Nazila Fathi, an Iranian journalist for The New York Times and other publications, discussed her perilous experiences as a reporter and her eventual exile from her homeland in a speech before more than 50 students, faculty members, and local residents on Thursday evening.
Fathi spoke about how she came to be a reporter in such tumultuous territory.
“In 1991, many reporters came to Iran to report on an earthquake,” Fathi recalled. “They needed a translator.... That was the beginning of my career as a journalist. The journalism bug bit me.”
She recounted numerous anecdotes of life as a reporter under an oppressive regime.
“There were restrictions, there was red tape. There were times when my press card was revoked. There were dozens of social stories that the government didn’t care about,” Fathi said.
In June 2009, Fathi reported on the controversial Iranian election, in which incumbent president Mahmoud Ahmadinejad defeated reformist candidate Mir-Hossein Mousavi. Dispute over the legitimacy of the election sparked widespread revolt.
“I saw the most amazing scene that I have ever seen in my life,” Fathi said. “The 6-mile street was packed with people, and the square was packed as well. Three million people had come despite government warning.”
When government officials noticed Fathi’s extensive reporting on the protests, she found herself under surveillance and began receiving death threats.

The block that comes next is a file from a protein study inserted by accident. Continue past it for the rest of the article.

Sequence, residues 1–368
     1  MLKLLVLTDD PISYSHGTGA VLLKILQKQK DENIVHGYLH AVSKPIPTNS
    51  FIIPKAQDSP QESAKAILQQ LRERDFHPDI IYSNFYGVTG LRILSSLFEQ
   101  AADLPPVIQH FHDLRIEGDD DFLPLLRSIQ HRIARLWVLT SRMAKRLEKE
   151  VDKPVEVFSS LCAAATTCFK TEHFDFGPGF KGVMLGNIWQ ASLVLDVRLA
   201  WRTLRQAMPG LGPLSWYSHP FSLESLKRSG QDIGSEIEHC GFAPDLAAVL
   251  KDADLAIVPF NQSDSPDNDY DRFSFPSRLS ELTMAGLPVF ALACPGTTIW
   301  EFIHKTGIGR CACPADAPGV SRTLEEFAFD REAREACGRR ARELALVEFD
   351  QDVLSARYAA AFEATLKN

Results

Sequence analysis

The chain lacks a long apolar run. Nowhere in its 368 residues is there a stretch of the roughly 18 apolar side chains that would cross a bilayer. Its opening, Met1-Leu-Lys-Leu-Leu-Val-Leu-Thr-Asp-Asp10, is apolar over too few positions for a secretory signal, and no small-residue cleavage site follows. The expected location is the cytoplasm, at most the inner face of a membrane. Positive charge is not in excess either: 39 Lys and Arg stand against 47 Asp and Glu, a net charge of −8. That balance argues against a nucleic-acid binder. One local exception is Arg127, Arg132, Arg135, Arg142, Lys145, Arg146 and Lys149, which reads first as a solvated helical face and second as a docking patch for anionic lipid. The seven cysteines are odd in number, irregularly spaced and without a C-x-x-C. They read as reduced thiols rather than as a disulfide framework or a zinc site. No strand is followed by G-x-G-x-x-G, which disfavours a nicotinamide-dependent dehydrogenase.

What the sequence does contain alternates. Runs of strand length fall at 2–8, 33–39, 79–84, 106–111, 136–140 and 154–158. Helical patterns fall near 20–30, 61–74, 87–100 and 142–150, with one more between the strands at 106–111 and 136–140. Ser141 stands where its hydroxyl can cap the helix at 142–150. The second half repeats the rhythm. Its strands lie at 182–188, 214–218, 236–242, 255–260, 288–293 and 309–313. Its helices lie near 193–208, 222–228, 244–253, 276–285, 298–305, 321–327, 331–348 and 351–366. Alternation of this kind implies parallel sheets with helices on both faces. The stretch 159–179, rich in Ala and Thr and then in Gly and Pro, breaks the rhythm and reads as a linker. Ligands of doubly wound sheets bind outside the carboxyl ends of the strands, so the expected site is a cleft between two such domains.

“One of those days I was going out, I received a call from someone who said, ‘Nazila, they have identified you and they have snipers,’” Fathi said. “I still went out that day, because it was impossible not to.”
For the safety of her family, she decided to leave Iran—temporarily, she thought.
“When I left Iran, I brought only a few t-shirts. I always expected to go back,” Fathi said.
But after extending her time out of the country repeatedly, Fathi said she still does not feel safe enough to return.
She spent 2011 as a fellow at the Nieman Foundation for Journalism at Harvard and is currently a fellow at Harvard’s Shorenstein Center on the Press, Politics, and Public Policy.
Thursday’s talk was sponsored by the Harvard Writers at Work lecture series, which “emphasizes that Expos is not just a class that you’re taking, but something that has many different applications in the real world—something that you can be passionate about,” said Andrea Pitzer, a journalist who founded the Nieman Storyboard website.
Victoria Zhuang ’15 agreed that the lecture was “expanding.”
“This helped me cultivate awareness of events around the world,” Zhuang said.